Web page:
Indians’ Coco Crisp clutch again with game-winning hit in Game 3

Jorge L. Ortiz.

CHICAGO – Four years ago, Marco Scutaro earned the playful nickname “Blockbuster” when, after joining the San Francisco Giants in a low-profile July trade, he became a postseason hero during their championship run.

Coco Crisp hits the go-ahead single in the seventh inning.

Into that role now steps in one Coco Crisp, who may soon come to be known as “Under the Radar.”.

That’s the term frequently used to describe the Indians’ late-season acquisition of Crisp, who earned a special spot in franchise lore Friday with a pinch-hit single that drove in the run that gave Cleveland a 1-0 victory over the Chicago Cubs in Game 3 of the World Series.

With one out and runners on the corners in the seventh inning, Crisp pinch-hit for winning pitcher Andrew Miller and stroked a single to right for the only run the Indians would need in their second shutout of this series and fifth of the postseason, a major league record.

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“He’s been very clutch,” second baseman Jason Kipnis said of Crisp. “He had a big home run in Toronto, had a big hit here. He’s a veteran guy who knows how to play the game. He does a great job teaching guys about stealing bases, picking up signs, and he’s a great guy to have in the clubhouse. He’s one of the better under-the-radar pickups we’ve had.”.

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Crisp batted just .208 in 20 games with Cleveland but has homered twice in the postseason, including a two-run shot that provided what proved to be the winning run as the Indians completed a stunning three-game sweep of the Boston Red Sox in the Division Series.

A 15-year-veteran who turns 37 on Tuesday, Crisp started the year with the Oakland Athletics and played regularly in left field, center field and as the DH in the first part of the season. But as the club sank into last place, Crips found himself more frequently on the bench and voiced his displeasure, accusing the A’s of trying to keep his $13 million option for 2017 from vesting.

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On Aug. 31, just in time to qualify for the playoff roster, he was sent to Cleveland for Colt Hynes, a 31-year-old lefty with all of 20 major league innings to his credit.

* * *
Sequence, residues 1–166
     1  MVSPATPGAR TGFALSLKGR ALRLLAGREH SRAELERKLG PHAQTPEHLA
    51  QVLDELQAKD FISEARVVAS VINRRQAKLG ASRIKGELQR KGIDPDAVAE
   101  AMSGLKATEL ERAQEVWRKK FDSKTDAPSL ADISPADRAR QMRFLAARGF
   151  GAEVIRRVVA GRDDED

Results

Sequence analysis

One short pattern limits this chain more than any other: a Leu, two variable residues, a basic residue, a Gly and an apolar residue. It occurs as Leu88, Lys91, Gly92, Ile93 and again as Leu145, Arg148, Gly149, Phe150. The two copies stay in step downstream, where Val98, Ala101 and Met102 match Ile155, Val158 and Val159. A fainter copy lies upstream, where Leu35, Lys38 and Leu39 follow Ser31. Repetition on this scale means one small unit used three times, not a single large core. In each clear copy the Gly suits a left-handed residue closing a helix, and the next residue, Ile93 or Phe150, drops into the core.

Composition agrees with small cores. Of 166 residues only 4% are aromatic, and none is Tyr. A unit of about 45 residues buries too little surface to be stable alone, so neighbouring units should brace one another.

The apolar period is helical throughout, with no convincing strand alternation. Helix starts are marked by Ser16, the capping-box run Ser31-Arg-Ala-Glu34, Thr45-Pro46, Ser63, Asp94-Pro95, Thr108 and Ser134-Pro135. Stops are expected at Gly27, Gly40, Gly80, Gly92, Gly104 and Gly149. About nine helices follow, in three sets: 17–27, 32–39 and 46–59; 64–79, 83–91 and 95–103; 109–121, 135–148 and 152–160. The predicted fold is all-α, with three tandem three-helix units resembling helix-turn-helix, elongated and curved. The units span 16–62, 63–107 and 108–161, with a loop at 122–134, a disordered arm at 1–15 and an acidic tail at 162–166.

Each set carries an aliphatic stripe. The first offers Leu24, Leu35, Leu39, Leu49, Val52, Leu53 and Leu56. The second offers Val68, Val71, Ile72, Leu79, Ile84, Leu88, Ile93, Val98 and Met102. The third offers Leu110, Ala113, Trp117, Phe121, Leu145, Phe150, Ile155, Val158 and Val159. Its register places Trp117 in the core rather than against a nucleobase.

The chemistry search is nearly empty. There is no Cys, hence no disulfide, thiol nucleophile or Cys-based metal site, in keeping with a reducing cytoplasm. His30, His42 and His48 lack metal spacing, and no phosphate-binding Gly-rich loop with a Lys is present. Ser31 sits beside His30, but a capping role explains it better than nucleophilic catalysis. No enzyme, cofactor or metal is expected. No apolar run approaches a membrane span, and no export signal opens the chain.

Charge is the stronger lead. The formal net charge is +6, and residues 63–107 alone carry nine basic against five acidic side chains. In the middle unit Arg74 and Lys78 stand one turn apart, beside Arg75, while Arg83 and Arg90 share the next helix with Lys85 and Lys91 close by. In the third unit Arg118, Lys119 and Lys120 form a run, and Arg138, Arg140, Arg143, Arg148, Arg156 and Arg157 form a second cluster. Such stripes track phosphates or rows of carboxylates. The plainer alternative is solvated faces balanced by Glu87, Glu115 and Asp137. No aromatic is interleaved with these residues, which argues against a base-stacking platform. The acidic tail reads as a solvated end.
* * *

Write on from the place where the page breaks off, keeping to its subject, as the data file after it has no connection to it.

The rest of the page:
The trade meant a return to Crisp’s original major league team, the one with whom he became a beloved figure in northeast Ohio both because of his colorful name and his exciting brand of play. That made helping the Indians take a 2-1 series lead even more special.

“Everybody has a lot of love for the first club they break in with,” Crisp said. “But I think being able to ride the wave that these guys started and being a part of this franchise at this time of the year is truly a blessing.”.

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Crisp is playing in the 11th postseason series of his career, having won a championship with the Red Sox in 2007. He started Game 2 in left field and went 0-for-4. With the series moving to a National League ballpark, where the DH is not in effect, manager Terry Francona moved usual DH Carlos Santana to left field to keep his bat in the lineup and sat down Crisp.

Like all of Francona’s moves Friday, it worked like a charm.

Santana got on base twice, handled his one chance flawlessly and was eventually replaced by a pinch-runner. Crisp, who had a major league-high .392 batting average with runners in scoring position this season, was available for the critical moment.

“He’s got a ton of playoff experience, and our club, we don’t have a ton,” Francona said. “It’s a switch-hitting bat that knows how to play the game, can run the bases. Certainly the bigger the spotlight is not going to get in his way, as he showed tonight.”.

Much like Crisp himself, the Indians have received relatively little fanfare despite winning nine of their 11 postseason games, as Cubs mania has overtaken October.

Some are starting to notice, though, as Cleveland closes in on its first World Series crown since 1948, the second-longest drought in baseball after, well, you know.

“I’ve been getting text messages and my phone’s been blowing up,” Crisp said. “I don’t think I’ve had more than three or four text messages at a time after a game prior to the playoffs, and now it’s like 30, 40. Everybody is kind of saying, ‘Two wins away! Two more!”’.

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Shhh. They’d just as soon stay under the radar.

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